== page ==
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Photo Credit: John S. Peterson

The Greatest Soccer Player Ever is Coming To America. Why Am I Not Ecstatic?

June 08, 2023

In order to expedite growth, Major League Soccer chooses stars. It happened with David Beckham, Thierry Henry, Wayne Rooney, Steven Gerrard, Kaka, David Villa and Zlatan Ibrahimovic. The argument could be made their respective arrivals, as with all the other famous worldwide players who arrived at MLS, came with varying degrees of success. One thing they all have in common: they’re not Lionel Messi.

The greatest soccer player of a generation, potentially ever, is bound for America. As reported, he’ll join Inter Miami (partially owned by Beckham) when his contract runs out with Paris Saint-Germain on July 5. While the terms of the free transfer (no fee paid to PSG because his contract expires) are not known, it reportedly comes with profit sharing between Apple (Apple TV is home to MLS Season Pass) and Adidas. Whatever he’ll earn will be dwarfed by the windfall of income to whichever club Messi touches for 90 minutes at a time.

I’ve grown into a massive soccer fan in the last decade. Messi has been, in my eyes, the greatest player ever in that window. Undoubtedly he benefited from an insanely talented Barcelona team the majority of his professional career but his tactful, scrappy and artistic vision of the game is spellbinding. He withstands contact to attack the goal. The Argentina native sees openings for passes before they even materialize. He bends shots at impossible angles, some even from distance in free play or free kicks. As his career twilights (he’ll be 36 later this month), he’s adapted his game. No longer can he outrun defenders, he’ll instead use his experience to angle his body and bend his runs to maximize their danger.

Through his professional club career he’s scored 496 goals and 221 assists. He’s withstood the brunt of triple teams and the inevitable wrath of their frustrations when three wasn’t enough defenders. Yet he always raises to his feet and looks toward goal.

There are often occasions while watching Messi play in real time or in highlight reels where I can only gasp: “How?” And now Messi is coming to America, something that was discussed previously but almost seemed too good to be true. How? To answer the question directly, Beckham. The partial owner of Inter Miami knew the global spotlight that comes with the seven-time Ballon d’Or winner. A romantic vision of returning to Messi’s beloved Barcelona vanished amid continued financial woes surrounding the club. (I won’t go into those but suffice it to say COVID played a massive recent role and presidential struggles play a longer-lasting role.) The answer to this “how” question also raises far more.

Messi was my favorite player for a long time. He’s a poet with a ball at his feet. Plucked from Rosario, Argentina, signed on a paper napkin, Barcelona agreed to pay for his dwarfism hormone treatments from when he was 13. (He’s grown now but at 5-foot-7 is still shorter than most of his professional peers.) He provided for his family, who moved with him to Barcelona. Messi became the greatest at Barcelona and, as such, garnered more power and pay. His family also asked for more pay, working largely as Messi’s representation and nothing else. He went to PSG when Barcelona could no longer afford him (his last deal was worth nearly $602 million over four years).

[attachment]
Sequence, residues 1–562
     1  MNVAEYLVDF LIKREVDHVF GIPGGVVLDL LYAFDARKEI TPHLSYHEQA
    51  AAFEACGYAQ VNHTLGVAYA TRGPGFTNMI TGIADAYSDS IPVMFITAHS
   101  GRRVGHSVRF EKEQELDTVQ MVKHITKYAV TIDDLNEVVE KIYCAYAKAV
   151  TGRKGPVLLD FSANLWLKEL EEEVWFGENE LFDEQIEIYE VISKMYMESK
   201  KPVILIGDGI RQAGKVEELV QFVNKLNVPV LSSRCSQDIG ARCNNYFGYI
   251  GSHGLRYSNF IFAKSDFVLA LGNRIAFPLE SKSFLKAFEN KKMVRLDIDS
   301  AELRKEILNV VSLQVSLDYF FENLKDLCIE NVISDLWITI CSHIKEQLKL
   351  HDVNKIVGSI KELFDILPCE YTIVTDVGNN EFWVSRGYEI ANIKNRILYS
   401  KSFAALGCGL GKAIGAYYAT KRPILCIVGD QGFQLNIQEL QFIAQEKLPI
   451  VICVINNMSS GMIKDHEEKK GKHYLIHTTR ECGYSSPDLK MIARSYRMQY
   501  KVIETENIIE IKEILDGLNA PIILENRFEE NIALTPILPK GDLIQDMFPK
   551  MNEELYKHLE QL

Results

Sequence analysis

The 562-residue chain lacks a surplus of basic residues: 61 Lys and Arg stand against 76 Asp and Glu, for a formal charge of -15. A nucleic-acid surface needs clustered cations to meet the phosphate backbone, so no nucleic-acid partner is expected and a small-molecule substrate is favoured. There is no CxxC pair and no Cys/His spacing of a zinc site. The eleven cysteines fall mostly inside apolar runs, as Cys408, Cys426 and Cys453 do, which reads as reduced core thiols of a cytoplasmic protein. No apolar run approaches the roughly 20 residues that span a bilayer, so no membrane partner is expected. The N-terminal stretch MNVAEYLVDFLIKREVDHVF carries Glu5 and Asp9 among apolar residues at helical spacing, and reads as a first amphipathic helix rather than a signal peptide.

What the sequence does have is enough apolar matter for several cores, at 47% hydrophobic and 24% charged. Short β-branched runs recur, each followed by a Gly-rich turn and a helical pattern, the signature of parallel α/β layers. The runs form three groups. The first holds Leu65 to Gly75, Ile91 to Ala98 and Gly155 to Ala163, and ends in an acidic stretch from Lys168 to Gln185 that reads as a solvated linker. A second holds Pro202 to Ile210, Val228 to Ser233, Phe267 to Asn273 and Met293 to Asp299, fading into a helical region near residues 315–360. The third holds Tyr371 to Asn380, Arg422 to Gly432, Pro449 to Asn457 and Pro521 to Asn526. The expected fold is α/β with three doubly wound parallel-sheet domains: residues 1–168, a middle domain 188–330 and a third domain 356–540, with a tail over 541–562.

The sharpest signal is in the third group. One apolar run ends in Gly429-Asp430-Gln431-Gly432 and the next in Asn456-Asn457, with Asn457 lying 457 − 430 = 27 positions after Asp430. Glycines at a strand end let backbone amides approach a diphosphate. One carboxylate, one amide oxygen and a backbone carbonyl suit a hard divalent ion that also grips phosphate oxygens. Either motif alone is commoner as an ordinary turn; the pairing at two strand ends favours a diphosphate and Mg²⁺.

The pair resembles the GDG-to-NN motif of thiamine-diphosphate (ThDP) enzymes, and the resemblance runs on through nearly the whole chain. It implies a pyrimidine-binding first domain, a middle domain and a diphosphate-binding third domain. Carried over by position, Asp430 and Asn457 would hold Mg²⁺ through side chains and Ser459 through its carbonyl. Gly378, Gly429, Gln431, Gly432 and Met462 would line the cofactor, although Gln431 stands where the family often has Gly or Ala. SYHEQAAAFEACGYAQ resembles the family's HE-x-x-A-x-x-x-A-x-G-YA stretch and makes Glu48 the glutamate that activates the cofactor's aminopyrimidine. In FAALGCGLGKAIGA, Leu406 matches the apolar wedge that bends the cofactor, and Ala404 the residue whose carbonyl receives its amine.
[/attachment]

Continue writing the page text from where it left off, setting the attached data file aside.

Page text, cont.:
This is where the story turns. Paris Saint-Germain is owned by Qatar Sports Investments. It’s a subsidiary of the state-run Qatari sovereign-wealth fund. One of the most popular clubs in the world was purchased by a foreign state in 2011. Qatar also won a bid to host the World Cup, which FIFA moved to the winter to accommodate weather. In building the World Cup infrastructure, many migrant workers died. Spokespeople for the Qatari bid downplayed those deaths, as well as continued persecution of the country’s LGBTQ+ community. Despite years of planning, FIFA abruptly pulled alcohol sales at World Cup matches to meet Qatari requests. Many global soccer pundits pointed to the World Cup as a case of sports washing. At the end of the World Cup was Messi holding the only trophy that alluded him, wrapped in a special cloak just for this World Cup.

Messi is also the tourism ambassador for Saudi Arabia. He earned $33 million in a year for that work, in addition to his $130 million salary and endorsements. The wealthiest athlete in the world accepted significantly more money to aid in sports washing yet again. It should be said Messi reportedly turned down a $440 million offer to join Al-Hilal in Saudi Arabia this summer. Despite his decision to join Miami, he remains associated with Saudi Arabia, which continues to use its sports washing campaign to gloss over its various human rights violations. The same country that, to pick out a few examples, kidnapped and murdered an American journalist and played no small role in the September 11 attacks on America. Or, as professional golfer Bryson DeChambeau explained as part of the LIV-PGA merger earlier this week, “nobody’s perfect.”

I’m not a golfer. Frankly, there’s too many things I’d prefer to do for three hours. But I loved Messi. At least I used to. He’s an incredibly gifted athlete and I’ll love to watch him play in person. But every time I see him there’ll be at least one time I’ll remember what he endorses. And how the quiet, non-interesting subject of many biographies I’ve read aligns himself with human rights violations. Maybe the next time there’s a PGA Tour Championship or a Masters, a golf fan thinks about LIV. And maybe they’ll ask themselves how we got here.

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